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Something about fireships.
[from the N. O. Picayune.]

According to personal accounts of members of that gallant and devoted little band who participated in the daring and successful expedition to the Passes last week, the fire vessels engaged in the enterprise did good duty. Through they did not come in contact with the enemy's fleet, they frightened the most powerful one of them away, and that, too, at a most critical juncture, just as the Manassas seemed in imminent danger of capture.

Fireships have always had a place in the list of recognized implements of naval warfare. Vessels of this character were effectively used by the Rhodians in their war with the Syrians, a hundred years before the commencement of the Christian era, according to Livy. The English also employed them in their engagements with the famous Spanish armada, in 1588, and very effectively, too.--Previously, in the course of the long war between Spain and the Netherlands, they were used, with fearful effect, in the defence of the city of Antwerp, to facilitate the capture of which the Duke of Parma constructed a great bridge across the Scheldt. Sent adrift down the stream, they came in contact with the bridge, and exploding, carried terrible destruction into the ranks of the Spaniard.

In this very century fireships have been effectually employed by the Greeks in their struggle for independence against the Turks.

The purpose to be accomplished by these vessels is two-fold; the original and principal object being to carry fire among the enemy's fleet. The fireship is filled with inflammable materials so arranged as to be easily ignited, and being navigated as near as may be to the vessels towards which it is directed, these materials are set on fire, and the ship is deserted by the crew. The chief object to be attained is that the ship shall be in complete conflagration, as she drifts near the vessel to be attacked. Besides this, they are sometimes so arranged as to explode when near, or in contact with the fleet. Grappling irons are sometimes placed upon fireships to enable those navigating them to hook the vessel they would attack, and so secure its destruction.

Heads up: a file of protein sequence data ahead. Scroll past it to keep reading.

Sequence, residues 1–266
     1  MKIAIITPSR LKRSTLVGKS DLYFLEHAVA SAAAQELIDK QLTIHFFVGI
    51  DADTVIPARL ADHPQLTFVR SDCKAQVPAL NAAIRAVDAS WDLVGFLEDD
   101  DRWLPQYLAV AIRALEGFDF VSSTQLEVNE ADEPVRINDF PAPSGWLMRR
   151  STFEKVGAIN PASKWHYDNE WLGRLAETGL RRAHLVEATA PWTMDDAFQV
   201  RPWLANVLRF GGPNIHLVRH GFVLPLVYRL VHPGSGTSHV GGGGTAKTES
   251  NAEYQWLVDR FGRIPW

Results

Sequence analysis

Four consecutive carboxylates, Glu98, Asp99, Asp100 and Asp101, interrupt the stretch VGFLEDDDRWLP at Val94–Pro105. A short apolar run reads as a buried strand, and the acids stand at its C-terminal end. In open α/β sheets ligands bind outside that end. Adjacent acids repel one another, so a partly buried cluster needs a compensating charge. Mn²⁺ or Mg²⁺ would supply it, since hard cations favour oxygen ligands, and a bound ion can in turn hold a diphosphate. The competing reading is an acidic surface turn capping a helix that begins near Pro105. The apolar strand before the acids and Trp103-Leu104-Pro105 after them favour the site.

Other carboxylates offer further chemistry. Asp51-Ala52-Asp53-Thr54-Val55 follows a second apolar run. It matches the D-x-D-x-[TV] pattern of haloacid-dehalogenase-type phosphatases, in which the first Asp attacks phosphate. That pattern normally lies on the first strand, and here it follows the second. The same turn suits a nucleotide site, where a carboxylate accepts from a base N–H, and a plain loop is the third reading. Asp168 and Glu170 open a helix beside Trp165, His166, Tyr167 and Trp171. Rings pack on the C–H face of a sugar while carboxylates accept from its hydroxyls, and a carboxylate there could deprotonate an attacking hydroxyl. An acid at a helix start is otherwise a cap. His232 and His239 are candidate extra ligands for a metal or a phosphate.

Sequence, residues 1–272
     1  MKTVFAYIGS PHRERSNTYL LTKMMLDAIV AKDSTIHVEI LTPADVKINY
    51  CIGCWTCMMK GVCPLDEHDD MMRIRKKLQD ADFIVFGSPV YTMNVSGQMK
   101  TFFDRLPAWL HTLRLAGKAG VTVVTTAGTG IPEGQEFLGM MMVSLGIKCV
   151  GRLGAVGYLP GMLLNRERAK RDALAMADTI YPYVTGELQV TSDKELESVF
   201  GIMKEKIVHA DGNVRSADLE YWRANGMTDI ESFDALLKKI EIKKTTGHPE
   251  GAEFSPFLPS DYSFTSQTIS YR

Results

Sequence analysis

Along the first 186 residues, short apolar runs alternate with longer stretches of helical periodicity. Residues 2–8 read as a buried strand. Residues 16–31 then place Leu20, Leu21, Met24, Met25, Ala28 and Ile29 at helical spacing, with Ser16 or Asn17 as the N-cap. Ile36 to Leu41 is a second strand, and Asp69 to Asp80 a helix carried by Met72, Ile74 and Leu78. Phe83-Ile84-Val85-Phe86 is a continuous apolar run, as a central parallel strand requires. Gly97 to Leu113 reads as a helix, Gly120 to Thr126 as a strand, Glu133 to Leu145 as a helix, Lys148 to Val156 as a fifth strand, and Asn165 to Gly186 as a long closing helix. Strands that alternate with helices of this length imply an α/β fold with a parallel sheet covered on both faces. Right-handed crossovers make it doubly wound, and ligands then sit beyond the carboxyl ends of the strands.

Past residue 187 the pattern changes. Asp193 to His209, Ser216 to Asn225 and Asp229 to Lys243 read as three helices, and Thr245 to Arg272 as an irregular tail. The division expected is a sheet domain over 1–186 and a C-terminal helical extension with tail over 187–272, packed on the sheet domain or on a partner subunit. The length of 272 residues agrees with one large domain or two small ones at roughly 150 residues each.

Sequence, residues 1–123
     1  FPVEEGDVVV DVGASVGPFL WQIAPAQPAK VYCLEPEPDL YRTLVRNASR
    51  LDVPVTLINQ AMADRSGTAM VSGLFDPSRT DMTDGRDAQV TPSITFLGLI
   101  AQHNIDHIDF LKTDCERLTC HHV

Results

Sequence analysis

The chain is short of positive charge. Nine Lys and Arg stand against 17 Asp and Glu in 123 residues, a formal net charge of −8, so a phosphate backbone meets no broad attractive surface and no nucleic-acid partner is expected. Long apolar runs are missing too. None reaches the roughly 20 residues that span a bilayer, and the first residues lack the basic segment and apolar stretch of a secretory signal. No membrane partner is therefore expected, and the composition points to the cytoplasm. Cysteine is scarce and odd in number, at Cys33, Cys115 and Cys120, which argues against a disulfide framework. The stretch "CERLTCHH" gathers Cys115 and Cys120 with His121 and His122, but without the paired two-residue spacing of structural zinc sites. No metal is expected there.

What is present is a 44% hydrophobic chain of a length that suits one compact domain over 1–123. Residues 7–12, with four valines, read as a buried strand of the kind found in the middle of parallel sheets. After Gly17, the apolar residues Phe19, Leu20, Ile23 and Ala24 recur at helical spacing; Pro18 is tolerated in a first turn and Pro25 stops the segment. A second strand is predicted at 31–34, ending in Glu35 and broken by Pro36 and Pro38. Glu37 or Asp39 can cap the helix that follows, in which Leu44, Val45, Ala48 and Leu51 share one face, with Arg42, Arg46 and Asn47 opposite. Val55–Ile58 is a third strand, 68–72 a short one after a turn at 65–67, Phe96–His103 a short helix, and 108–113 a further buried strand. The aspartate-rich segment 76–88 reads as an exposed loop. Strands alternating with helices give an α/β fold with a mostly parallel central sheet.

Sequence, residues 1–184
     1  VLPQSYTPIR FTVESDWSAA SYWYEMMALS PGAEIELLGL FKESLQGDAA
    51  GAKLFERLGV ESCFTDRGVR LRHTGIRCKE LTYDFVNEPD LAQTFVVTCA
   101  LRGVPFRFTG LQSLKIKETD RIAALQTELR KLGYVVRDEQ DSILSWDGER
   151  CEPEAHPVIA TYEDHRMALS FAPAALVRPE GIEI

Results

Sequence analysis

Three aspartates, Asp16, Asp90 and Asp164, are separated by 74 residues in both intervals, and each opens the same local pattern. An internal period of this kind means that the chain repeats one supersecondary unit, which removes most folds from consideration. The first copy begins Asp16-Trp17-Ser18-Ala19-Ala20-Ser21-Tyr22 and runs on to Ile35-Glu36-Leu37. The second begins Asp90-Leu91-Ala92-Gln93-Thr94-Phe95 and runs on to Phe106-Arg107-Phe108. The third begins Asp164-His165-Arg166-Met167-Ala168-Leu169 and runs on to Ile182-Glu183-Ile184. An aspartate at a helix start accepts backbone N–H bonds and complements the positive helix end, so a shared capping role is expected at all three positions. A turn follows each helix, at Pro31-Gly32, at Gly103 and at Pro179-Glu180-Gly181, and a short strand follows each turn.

When, in 1588, the much-vaunted Spanish armada came into the British channel for the purpose of invading England and subduing the revolted Netherlands, and was lying in those narrow straits, between Dover and Calais, and along that low, sandy shore--one hundred and thirty ships, the greater number of them the largest and most heavily armed in the world — face to face, and scarce out of cannon shot, with an English fleet of sloops and frigates, all far less in size, and immensely inferior in armaments, one of the brave sailors, in a lucky moment remembered something he had heard four years before of the fireships sent by the Antwerpers against Parma's bridge. This intrepid sea dog, Sir William Winter by name, suggested to the Commander of the fleet that some stratagem of the kind should be attempted against Philip's ‘"invincible armada."’

The Italian Gianibelli, who had invented the ships alluded to, and who had ever since been held in holy horror as a devil-dealing wizard, by the superstitious Spanish soldiers, happened at the very moment to be constructing fortifications on the Thames, and Winter shrewdly thought that the knowledge of this fact would greatly increase the panic with which it was his project to afflict the Spanish fleet.

The plan was adopted and we make some interesting extracts from Motley's History of the United Netherlands, to show with what effect: